Naya Pakistan housing project set to be launched next month

Published March 29, 2019
Prime Minister Imran Khan speaking at the ceremony.—PPI
Prime Minister Imran Khan speaking at the ceremony.—PPI

ISLAMABAD: Prime Minister Imran Khan on Thursday announced the launching of five million housing units, mainly for low-income groups, under the Naya Pakistan Housing Project from next month to cope with the shortage of around 10 million houses in the country.

Under the project, five million housing units would be built.

He was speaking at a conference titled ‘Pakistan Housing Conference: Institutional Preparedness to Implement New Housing Strategy.’ The event was organised by the World Bank.

The prime minister said though achieving the ambitious target of five million houses was a difficult task, the government was in the process of establishing the required infrastructure before the launching of the project.

The event was attended by Adviser to Prime Minister on Commerce Abdul Razak Dawood, the chairman of Housing Task Force, Zaigham Rizvi, World Bank’s Country Director Illango Patchamuthu and international experts on housing and house financing.

Imran reiterates five million units will be built under the scheme

The prime minister said that the government was formulating foreclosure laws in collaboration with the State Bank of Pakistan as the country lacked mortgage facility for low-income groups.

He said that after the launch, the project would also face an incremental increase every year. He said the private sector would support to achieve this gigantic task and the government would merely act as a facilitator.

He told the audience that the growth of 40 industries was linked with the housing sector and the government wanted youngsters to come up in this project and form new companies.

Mr Khan said that under the scheme, the poor would be provided house financing that was just a dream in the past. He said that in case anyone was unable to afford the house finance, the government would also get him sponsored as the people would be able to pour their money once their trust in the government was revived.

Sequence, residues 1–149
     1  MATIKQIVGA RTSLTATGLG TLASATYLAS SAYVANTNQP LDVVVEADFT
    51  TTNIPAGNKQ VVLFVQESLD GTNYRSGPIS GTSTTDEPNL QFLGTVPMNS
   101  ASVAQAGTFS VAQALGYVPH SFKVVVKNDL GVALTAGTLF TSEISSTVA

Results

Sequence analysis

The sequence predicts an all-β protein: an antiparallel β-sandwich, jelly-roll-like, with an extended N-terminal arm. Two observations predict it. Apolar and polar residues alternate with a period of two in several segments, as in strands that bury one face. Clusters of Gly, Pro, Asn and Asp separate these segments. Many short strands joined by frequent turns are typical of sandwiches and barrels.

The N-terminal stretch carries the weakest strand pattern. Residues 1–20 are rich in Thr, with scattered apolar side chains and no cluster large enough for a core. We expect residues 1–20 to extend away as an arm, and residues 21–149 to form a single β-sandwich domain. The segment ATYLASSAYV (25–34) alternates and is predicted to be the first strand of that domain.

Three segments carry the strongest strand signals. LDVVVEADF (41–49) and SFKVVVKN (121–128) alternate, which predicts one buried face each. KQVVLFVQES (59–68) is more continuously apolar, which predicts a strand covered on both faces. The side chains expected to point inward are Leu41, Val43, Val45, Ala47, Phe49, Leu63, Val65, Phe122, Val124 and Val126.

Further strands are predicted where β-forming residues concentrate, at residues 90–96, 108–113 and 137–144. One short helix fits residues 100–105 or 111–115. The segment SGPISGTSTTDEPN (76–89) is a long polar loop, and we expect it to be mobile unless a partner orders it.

He said that slum areas in the federal capital lacked amenities and instead of addressing the issue, the elite class had built boundary walls around these areas to conceal the ill-planned inhabitation.

However, he said the Naya Pakistan Housing Programme included measures to regularise slums and accommodate inhabitants in new houses or condominium-styled buildings.

The prime minister said the government had decided to allow maximum vertical buildings all around the country except within the landing and take-off zones of airports.

The vertical constructions would help save the arable land being eaten up by the massive growth of housing societies.

Lauding the performance of the Housing Task Force, the prime minister said that the body would also benefit from the Singapore-style of housing to ensure the efficient use of land.

He said in Islamabad, the government had retrieved land worth Rs500 billion from illegal occupants.

Speaking at the event, Chairman of the Task Force on Housing Zaigham Rizvi said that the government had started establishing legal, administrative and institutional set-ups to launch the project.

He said that under the project, 0.4 million housing units per year would be built in rural areas, 0.2m in pre-urban and 0.4m in urban ones.

He said the massive land bank of departments could be used for building new housing colonies or even cities. He said that the Evacuee Trust Property Board owned around 110,000 acres of land, where new cities could be established.

World Bank Country Director Illango Patchamuthu said housing was five per cent of the World Bank’s portfolio that could support another 40 industries.

He said that Pakistan had no housing finance company and access to the service land was another problem.

He said that in Pakistan it took around 25 years for an individual to own a house compared with five years in the international market.

World Bank Urban Planner Fizza Sajjad said that Pakistan faced a shortfall of around 10m units with an annual addition of 350,000 to 400,000 units per year.

She said that the population of 10 cities, including Islamabad, Peshawar, Lahore and Hyderabad, had crossed the one million mark. The household size in Pakistan was also decreasing, she added.

Published in Dawn, March 29th, 2019

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